"Out of the long Stone Age our race is awakening into consciousness of itself. We stand in the

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dawn of history. Behind us lies a vast and unrecorded waste—the mighty struggle humanam condere gentem. Since the times of that ignorance we have not yet gone far; a few thousand years, a few hundred thinkers, have barely started the human mind upon the great æons of its onward way. It is not yet the hour to sit down in our studies and try to eke out Tradition with Intuition—as one might be forced to do in a planet's senility, by the glimmer of a fading sun. Daphni, quid antiquos signorum suspicis ortus? The traditions, the intuitions of our race are themselves in their infancy; and before we abandon ourselves to brooding over them let us at least first try the upshot of a systematic search for actual facts. For what should hinder? If our inquiry lead us first through a jungle of fraud and folly, need that alarm us? As well might Columbus have yielded to the sailors' panic when he was entangled in the Sargasso Sea. If our first clear facts about the Unseen World seem small and trivial, should that deter us from the quest? As well might Columbus have sailed home again, with America in the offing, on the ground that it was not worth while to discover a continent which manifested itself only by dead logs."


It is deeply to be regretted that no appeals have availed to persuade Mlle. Smith to consent to the publication of her photograph, in connection with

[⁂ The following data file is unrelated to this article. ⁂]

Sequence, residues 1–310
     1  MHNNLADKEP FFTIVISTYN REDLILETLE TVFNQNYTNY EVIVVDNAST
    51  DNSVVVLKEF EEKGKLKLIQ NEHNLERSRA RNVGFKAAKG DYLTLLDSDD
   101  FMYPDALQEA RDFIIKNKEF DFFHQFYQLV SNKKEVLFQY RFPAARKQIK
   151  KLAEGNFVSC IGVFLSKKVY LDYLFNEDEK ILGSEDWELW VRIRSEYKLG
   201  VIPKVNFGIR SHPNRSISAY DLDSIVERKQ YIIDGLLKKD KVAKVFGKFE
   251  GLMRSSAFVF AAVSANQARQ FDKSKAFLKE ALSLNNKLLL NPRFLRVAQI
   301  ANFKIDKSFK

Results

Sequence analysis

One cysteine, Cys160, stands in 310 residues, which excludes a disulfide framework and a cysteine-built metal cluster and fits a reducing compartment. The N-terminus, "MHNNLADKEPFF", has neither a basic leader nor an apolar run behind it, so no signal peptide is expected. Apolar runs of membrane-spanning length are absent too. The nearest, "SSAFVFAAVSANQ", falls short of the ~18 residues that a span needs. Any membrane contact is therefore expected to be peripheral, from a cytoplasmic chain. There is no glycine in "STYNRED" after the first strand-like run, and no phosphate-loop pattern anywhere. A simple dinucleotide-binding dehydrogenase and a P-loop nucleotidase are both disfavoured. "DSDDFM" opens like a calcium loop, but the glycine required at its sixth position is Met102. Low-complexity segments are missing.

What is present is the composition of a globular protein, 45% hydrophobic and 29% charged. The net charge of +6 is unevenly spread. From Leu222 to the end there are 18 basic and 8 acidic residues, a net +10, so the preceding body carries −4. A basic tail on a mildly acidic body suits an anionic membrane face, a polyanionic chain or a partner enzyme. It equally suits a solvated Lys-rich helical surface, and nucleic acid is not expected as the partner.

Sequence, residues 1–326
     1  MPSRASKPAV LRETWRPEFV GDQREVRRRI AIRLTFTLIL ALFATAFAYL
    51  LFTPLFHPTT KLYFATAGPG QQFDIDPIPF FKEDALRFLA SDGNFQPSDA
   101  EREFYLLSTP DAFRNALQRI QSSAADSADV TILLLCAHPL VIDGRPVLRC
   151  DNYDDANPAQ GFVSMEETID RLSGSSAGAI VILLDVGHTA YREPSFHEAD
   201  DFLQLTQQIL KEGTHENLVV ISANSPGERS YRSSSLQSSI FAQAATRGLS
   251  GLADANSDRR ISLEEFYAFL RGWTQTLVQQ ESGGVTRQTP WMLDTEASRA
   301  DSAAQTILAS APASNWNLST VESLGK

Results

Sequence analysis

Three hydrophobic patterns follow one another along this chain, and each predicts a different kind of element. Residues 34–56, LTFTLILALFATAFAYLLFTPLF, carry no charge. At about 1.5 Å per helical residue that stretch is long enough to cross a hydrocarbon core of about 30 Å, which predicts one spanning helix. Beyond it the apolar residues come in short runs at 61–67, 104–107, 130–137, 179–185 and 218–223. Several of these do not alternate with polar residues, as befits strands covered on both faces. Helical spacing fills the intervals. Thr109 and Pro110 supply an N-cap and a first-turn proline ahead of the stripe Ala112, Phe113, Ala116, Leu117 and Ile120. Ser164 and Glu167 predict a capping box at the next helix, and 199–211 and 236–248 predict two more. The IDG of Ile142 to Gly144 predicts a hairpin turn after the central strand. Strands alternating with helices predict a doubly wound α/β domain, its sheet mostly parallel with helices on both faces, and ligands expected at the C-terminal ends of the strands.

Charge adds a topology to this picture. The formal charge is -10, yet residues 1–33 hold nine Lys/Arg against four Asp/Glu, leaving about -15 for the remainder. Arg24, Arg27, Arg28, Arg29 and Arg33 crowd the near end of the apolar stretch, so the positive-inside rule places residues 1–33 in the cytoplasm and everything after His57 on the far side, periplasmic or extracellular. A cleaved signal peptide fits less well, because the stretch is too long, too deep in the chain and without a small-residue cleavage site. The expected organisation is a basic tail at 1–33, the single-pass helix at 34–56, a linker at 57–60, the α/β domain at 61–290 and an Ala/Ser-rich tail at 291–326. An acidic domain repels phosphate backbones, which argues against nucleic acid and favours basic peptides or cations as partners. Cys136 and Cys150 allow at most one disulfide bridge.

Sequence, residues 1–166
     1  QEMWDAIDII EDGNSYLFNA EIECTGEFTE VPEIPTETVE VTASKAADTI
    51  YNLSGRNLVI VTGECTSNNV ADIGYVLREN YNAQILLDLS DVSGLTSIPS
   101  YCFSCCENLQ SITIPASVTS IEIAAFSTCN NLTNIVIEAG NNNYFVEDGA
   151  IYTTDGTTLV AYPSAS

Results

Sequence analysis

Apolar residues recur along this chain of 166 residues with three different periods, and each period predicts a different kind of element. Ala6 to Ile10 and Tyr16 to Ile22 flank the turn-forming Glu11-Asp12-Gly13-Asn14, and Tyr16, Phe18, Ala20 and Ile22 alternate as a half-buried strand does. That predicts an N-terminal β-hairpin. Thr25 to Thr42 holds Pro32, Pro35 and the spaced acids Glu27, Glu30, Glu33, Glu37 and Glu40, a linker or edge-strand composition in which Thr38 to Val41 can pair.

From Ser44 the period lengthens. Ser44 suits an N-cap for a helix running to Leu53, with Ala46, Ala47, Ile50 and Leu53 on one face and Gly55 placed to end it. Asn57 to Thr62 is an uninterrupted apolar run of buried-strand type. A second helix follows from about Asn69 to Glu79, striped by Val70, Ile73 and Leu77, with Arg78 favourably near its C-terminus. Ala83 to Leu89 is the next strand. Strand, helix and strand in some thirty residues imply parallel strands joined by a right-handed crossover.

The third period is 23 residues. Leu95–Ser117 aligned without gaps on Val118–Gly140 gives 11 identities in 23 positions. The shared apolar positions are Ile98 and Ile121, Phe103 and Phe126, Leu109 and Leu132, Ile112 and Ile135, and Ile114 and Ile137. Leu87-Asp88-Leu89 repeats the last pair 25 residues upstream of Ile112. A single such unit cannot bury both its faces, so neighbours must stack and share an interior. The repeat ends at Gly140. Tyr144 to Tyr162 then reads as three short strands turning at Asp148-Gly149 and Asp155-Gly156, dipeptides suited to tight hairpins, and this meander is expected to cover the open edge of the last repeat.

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[paragraph continues] Prof. Flournoy's account of the phenomena manifested by her.

She shrinks from the publicity which her possession of these strange powers has thrust upon her. She dislikes extremely the notoriety given to her mysterious faculties, and refuses to be interviewed concerning them, or to discuss Prof. Flournoy's book.

The name Helene Smith is, as the reader will doubtless guess, merely a pseudonym. The individuality designated by that name, however, is held in highest esteem—in veneration even—by a very large circle of friends and acquaintances in the city on the shores of Lake Leman, in which she has passed her life from infancy, for whose benefit she is always ready to exercise her mysterious gifts and to give her services freely to such as seek her aid, refusing always to accept any pecuniary compensation for her services. Attaching, as she does, a religious significance to her powers, she would deem it a sacrilege to traffic in them.


Columbia University, New York,
          July, 1900.

Next: Chapter I. Introduction